Kindle Investment

A reader writes,

I have a question about e-readers. Going into the ministry, and seeing the great number of books that I am already collecting, I am considering making an investment into an e-reader mainly for convenience and a smaller book shelf! My main concern however is that my choice in a reader would lock me into that particular brand for all eternity. For example, if I choose the Kindle and I choose to upgrade 5 years from now to a Sony Reader, would I have to start over again in building my library, or can the electronic library be carried over the different models. Is there one brand in particular that is more flexible in accepting e-book formats? What is your opinion?

Thanks!
a-reader

Good question. And I’ve done a lot of thinking about this as a Kindle owner and Logos Bible Software devotee.

A Few Things to Keep in Mind

E-readers are best for fiction or other relatively easy (or at least brief) material. I have read portions of Jonathan Edwards’ Religious Affections on my Kindle (I converted the online edition at Yale’s JEC site into Kindle format), and I found that it was just too substantial for e-reading. I needed to mark up the book, to have physical reminders of where I was in the argument—such as highlighting and even the thickness of finished pages versus those yet to come. I needed to flip back and forth sometimes. That’s tough with an e-reader. You simply can’t remember how many “pages” back that little tidbit was… And e-ink readers don’t have anything like the refresh rate of an LCD screen (laptop or iPad), so if you somehow did know that you wanted to go back ten “pages,” it would take a while.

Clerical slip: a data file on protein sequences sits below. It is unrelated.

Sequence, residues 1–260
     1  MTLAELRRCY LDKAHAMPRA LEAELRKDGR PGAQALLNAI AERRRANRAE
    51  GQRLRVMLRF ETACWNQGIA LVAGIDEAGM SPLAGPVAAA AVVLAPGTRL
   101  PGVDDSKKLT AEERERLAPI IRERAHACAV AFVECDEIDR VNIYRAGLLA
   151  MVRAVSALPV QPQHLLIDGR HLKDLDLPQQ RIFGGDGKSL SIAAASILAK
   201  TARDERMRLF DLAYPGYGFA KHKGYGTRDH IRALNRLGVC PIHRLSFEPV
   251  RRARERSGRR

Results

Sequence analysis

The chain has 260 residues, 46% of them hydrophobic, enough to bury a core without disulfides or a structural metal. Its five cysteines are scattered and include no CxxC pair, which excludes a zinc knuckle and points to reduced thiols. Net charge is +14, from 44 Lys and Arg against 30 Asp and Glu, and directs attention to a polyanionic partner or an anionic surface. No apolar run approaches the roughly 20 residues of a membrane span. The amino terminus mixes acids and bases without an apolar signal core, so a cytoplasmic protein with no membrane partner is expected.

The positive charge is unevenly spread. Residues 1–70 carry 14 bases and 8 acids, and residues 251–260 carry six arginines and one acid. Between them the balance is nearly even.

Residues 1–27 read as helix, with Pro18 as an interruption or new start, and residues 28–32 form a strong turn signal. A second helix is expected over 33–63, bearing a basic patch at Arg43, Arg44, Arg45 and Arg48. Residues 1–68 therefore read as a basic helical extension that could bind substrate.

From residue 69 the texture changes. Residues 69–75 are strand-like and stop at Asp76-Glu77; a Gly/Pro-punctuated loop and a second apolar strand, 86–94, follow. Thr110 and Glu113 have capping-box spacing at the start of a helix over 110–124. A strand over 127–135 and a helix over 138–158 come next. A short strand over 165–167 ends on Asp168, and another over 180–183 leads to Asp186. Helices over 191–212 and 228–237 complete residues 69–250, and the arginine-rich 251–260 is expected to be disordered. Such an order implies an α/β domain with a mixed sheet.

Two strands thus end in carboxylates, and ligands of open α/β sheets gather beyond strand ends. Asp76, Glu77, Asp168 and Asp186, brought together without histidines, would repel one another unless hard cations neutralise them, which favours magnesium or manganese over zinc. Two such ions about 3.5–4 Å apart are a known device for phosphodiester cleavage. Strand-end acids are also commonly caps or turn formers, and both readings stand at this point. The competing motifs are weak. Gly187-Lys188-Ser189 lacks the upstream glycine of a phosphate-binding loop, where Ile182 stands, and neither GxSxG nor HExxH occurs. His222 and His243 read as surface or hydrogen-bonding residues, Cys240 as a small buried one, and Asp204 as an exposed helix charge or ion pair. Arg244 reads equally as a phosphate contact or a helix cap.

For those reasons e-readers just not very good for long-form, careful reading.

But for long-form fiction and other easier reading like narratival history, e-readers are great. I read Nothing to Envy by Barbara Demick, 1776 by David McCullough, and Stalingrad by Antony Beevor and loved them all. The Kindle was perfect for them because I always had it with me and could snatch a few pages (“pages”) whenever I wanted without losing my spot. The reading experience was immersive, I usually forgot I was holding something other than a “real book.”

Careful reading can be accomplished on the Kindle—but I find it has to be short. That has been one less-expected benefit of the device for me. Between my hard drive and Logos’ Theological Journal Library I have thousands of articles worth reading. If I run across something valuable I stick it on my Kindle and it waits for me to get a chance to read it. I finish it without the distractions provided by my computer, I highlight (and therefore file away automatically) worthwhile passages, and I can even make annotations.

Ministerial Book-Buying

How does this all apply to a seminarian and future minister of the gospel?

I think you need to plan to get more difficult books in paper form, easier ones in the cheapest way possible (e-reader or tree pulp), and as many good Logos Bible Software commentaries, reference works, and theological journals as you can get and will use.